Reflections and the focusing effect from an ideal three-dimensional rough surface

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An analytical expression for higher-order reflectances from a shallow-water homogeneous ocean bottom modeled as an egg-carton surface is presented. Roughness of this ideal surface is expressed as the amplitude-to-length ratio of its basic sinusoidal function. Any real surface that can be approximated by an egg-carton function will effectively have a comparable roughness metric. Incidence and reflection directions are considered in full azimuthal variation. The detector is located just below the water surface so that only in-water reflections are considered and there are no air-water transmission effects. Furthermore, this setup allows for an understanding of reflections that occur in media with any index of refraction or absorption coefficient. Fixing the detector footprint but adjusting its field-of-view enables the observation of the same bottom surface area as the depth varies while keeping the roughness and the number of waveforms viewed constant.

First-order reflectance decreases as the roughness increases, as was shown in the two-dimensional case. This is true as the roughness varies, regardless of the bottom reference level chosen. Focusing effects are expected from (but are not limited to) second-order reflectance and are due to parts of the bottom whose angles maximize both incoming light and the reflections toward the detector. Along a plane about the vertical axis, the roughness ratio for a fixed-length waveform that returns the highest reflectance can be found. In three dimensions, this phenomenon is complicated by reflections from all hemispherical directions. Shadowing and obscuration behave similarly as in the two-dimensional case although shadowed areas will have an increased potential to reflect light from other directions (than the plane defined by the source incidence and the vertical directions). This is expected to cause higher order reflections to increase as the roughness increases.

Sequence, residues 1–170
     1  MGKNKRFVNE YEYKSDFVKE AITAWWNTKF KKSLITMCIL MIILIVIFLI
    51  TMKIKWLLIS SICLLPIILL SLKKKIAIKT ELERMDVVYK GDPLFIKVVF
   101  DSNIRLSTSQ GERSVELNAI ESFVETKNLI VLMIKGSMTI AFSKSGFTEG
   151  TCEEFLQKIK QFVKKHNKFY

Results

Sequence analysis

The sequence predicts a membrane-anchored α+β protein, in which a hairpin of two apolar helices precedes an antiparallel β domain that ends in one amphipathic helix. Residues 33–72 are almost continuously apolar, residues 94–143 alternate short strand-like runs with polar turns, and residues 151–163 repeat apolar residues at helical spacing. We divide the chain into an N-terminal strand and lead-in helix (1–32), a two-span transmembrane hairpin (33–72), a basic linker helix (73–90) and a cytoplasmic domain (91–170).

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Ocean Optics XVII;25-29 October 2004
Fremantle, Australia;

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Cornell University Graduate School ONR Ocean Optics and Biology

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reflectance; azimuthal variation; transmission; focusing; shadowing; obscuration; egg-carton surface


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